Imperial College London

MsJessicaSmith

Faculty of MedicineSchool of Public Health

Operations Manager
 
 
 
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+44 (0)20 7594 2594jessica.smith1

 
 
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Stadium HouseWhite City Campus

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Summary

 

Publications

Publication Type
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27 results found

Allen AR, Smith J, Hobbs MJ, Loughnan SA, Sharrock M, Newby JM, Andrews G, Mahoney AEJet al., 2022, Internet-delivered cognitive behaviour therapy for post-traumatic stress disorder: a randomised controlled trial and outcomes in routine care, BEHAVIOURAL AND COGNITIVE PSYCHOTHERAPY, Vol: 50, Pages: 649-655, ISSN: 1352-4658

Journal article

Furukawa T, Suganuma A, Ostinelli E, Andersson G, Beevers C, Shumake J, Berger T, Willemijn Boele F, Buntrock C, Carlbring P, Choi I, Christensen H, Mackinnon A, Dahne J, Huibers M, Ebert D, Farrer L, Forand N, Strunk D, Ezawa I, Forsell E, Kaldo V, Geraedts A, Gilbody S, Littlewood E, Brabyn S, Hadjistavropoulos H, Schneider L, Johansson R, Kenter R, Kivi M, Björkelund C, Kleiboer A, Riper H, Philipp Klein J, Schröder J, Meyer B, Moritz S, Bücker L, Lintvedt O, Lundgren J, Milgrom J, Gemmill A, Mohr D, Montero-Marin J, Garcia-Campayo J, Nobis S, Zarski A-C, O'Moore K, Williams A, Newby J, Perini S, Phillips R, Schneider J, Pots W, Pugh N, Richards D, Rosso I, Rauch S, Sheeber L, Smith J, Spek V, Pop V, Burcin U, van Bastelaar K, van Luenen S, Garnefski N, Kraaij V, Vernmark K, Warmerdam L, van Straten A, Zagorscak P, Knaevelsrud C, Heinrich M, Miguel C, Cipriani A, Efthimiou O, Karyotaki E, Cuijpers Pet al., 2021, Dismantling, optimising, and personalising internet cognitive behavioural therapy for depression: a systematic review and component network meta-analysis using individual participant data, The Lancet Psychiatry, Vol: 8, Pages: 500-511, ISSN: 2215-0366

BackgroundInternet cognitive behavioural therapy (iCBT) is a viable delivery format of CBT for depression. However, iCBT programmes include training in a wide array of cognitive and behavioural skills via different delivery methods, and it remains unclear which of these components are more efficacious and for whom.MethodsWe did a systematic review and individual participant data component network meta-analysis (cNMA) of iCBT trials for depression. We searched PubMed, PsycINFO, Embase, and the Cochrane Library for randomised controlled trials (RCTs) published from database inception to Jan 1, 2019, that compared any form of iCBT against another or a control condition in the acute treatment of adults (aged ≥18 years) with depression. Studies with inpatients or patients with bipolar depression were excluded. We sought individual participant data from the original authors. When these data were unavailable, we used aggregate data. Two independent researchers identified the included components. The primary outcome was depression severity, expressed as incremental mean difference (iMD) in the Patient Health Questionnaire-9 (PHQ-9) scores when a component is added to a treatment. We developed a web app that estimates relative efficacies between any two combinations of components, given baseline patient characteristics. This study is registered in PROSPERO, CRD42018104683.FindingsWe identified 76 RCTs, including 48 trials contributing individual participant data (11 704 participants) and 28 trials with aggregate data (6474 participants). The participants' weighted mean age was 42·0 years and 12 406 (71%) of 17 521 reported were women. There was suggestive evidence that behavioural activation might be beneficial (iMD −1·83 [95% credible interval (CrI) −2·90 to −0·80]) and that relaxation might be harmful (1·20 [95% CrI 0·17 to 2·27]). Baseline severity emerged as the strongest prognosti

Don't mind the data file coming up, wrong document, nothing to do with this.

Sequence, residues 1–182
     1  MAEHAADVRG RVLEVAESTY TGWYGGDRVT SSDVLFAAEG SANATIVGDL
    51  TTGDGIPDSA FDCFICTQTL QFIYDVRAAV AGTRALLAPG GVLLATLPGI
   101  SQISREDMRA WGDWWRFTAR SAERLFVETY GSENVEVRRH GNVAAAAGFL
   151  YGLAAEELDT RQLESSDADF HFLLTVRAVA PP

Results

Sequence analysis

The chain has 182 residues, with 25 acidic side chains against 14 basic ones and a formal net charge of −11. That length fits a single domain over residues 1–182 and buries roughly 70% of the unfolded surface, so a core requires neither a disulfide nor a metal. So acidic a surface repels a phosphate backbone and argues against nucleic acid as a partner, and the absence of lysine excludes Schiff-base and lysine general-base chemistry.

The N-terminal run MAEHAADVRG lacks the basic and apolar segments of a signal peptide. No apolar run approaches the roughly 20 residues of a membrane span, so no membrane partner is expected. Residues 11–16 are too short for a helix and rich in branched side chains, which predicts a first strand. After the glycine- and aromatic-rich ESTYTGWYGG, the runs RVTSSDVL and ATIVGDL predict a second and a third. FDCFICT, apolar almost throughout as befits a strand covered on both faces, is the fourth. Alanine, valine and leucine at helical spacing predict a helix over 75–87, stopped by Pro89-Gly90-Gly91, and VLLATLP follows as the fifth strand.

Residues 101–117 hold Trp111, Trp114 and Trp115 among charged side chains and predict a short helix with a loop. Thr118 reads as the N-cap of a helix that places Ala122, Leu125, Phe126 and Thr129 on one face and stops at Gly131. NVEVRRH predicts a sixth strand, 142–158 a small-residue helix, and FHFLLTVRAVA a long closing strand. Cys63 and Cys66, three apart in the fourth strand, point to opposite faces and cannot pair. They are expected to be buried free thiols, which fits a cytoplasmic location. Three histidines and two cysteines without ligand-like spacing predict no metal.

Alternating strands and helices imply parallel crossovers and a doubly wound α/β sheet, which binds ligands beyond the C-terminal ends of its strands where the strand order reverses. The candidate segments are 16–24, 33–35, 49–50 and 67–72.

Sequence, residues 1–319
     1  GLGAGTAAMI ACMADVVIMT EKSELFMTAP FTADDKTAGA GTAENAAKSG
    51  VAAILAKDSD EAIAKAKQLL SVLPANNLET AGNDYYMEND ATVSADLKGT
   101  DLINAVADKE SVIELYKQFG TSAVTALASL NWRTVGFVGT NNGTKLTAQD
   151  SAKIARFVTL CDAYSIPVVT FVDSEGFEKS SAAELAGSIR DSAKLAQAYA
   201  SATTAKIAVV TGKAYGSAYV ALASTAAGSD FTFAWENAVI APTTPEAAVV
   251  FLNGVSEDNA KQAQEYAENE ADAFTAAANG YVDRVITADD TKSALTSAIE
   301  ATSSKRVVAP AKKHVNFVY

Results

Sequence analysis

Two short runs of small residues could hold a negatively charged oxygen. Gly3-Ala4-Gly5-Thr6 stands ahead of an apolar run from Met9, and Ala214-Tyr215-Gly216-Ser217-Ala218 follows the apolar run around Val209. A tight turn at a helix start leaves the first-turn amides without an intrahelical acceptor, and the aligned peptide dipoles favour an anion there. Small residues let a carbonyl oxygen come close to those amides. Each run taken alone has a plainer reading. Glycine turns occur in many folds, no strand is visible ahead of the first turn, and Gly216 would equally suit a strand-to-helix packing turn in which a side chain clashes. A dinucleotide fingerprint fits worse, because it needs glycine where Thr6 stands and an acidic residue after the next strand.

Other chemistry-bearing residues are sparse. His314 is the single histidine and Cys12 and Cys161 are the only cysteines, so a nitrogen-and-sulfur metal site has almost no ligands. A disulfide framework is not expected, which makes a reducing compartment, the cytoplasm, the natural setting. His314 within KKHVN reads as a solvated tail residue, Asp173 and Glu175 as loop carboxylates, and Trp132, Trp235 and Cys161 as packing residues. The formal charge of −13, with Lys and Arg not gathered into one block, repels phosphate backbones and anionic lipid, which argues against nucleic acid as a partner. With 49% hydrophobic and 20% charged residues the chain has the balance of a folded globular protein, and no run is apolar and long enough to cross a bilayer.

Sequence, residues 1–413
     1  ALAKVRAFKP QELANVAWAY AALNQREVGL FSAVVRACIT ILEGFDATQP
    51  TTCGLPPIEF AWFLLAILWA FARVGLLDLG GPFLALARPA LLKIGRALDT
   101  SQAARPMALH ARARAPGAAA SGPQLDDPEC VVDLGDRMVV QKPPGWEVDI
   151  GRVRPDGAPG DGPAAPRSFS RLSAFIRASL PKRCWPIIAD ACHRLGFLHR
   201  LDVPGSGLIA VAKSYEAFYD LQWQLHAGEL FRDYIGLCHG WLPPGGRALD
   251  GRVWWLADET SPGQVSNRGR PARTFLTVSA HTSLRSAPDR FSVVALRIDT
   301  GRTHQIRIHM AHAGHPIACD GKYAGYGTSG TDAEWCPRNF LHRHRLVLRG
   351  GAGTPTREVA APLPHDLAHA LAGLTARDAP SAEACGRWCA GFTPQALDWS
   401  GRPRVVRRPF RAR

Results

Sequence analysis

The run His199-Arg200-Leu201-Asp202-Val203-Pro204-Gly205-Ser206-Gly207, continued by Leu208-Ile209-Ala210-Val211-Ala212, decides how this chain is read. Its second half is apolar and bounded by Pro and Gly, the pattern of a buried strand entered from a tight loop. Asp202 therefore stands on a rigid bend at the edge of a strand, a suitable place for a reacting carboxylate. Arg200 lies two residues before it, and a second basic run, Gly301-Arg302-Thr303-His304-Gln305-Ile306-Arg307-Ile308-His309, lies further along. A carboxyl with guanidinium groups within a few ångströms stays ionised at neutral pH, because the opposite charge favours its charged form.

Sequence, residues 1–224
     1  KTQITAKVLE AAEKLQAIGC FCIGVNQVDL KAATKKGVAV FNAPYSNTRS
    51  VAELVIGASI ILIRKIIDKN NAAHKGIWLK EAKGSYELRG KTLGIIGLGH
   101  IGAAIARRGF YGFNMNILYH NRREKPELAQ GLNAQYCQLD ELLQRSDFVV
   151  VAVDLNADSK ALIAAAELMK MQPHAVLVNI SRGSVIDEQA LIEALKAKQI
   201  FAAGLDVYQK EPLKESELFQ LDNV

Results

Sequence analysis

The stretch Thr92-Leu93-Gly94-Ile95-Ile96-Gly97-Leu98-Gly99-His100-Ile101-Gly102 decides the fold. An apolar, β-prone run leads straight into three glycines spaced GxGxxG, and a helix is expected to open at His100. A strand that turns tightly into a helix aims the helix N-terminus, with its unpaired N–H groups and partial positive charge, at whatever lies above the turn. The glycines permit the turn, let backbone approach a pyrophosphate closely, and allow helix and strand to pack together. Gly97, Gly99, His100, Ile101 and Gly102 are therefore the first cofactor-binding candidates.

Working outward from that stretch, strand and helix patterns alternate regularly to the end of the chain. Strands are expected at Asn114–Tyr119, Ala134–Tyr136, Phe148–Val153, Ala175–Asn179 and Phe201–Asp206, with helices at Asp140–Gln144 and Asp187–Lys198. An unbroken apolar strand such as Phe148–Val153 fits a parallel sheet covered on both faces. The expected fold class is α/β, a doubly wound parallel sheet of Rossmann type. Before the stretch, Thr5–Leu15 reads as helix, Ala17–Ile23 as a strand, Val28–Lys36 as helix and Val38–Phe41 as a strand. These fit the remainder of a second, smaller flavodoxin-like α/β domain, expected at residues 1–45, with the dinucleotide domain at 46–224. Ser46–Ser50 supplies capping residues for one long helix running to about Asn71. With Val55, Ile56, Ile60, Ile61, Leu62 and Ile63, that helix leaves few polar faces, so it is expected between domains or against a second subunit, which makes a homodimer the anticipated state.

Journal article

O'Farrelly C, Barker B, Watt H, Babalis D, Bakermans-Kranenburg M, Byford S, Ganguli P, Grimas E, Iles J, Mattock H, McGinley J, Phillips C, Ryan R, Scott S, Smith J, Stein A, Stevens E, van IJzendoorn M, Warwick J, Ramchandani Pet al., 2021, A video-feedback parenting intervention to prevent enduring behaviour problems in at-risk children aged 12-36 months: the Healthy Start, Happy Start RCT, HEALTH TECHNOLOGY ASSESSMENT, Vol: 25, Pages: 1-+, ISSN: 1366-5278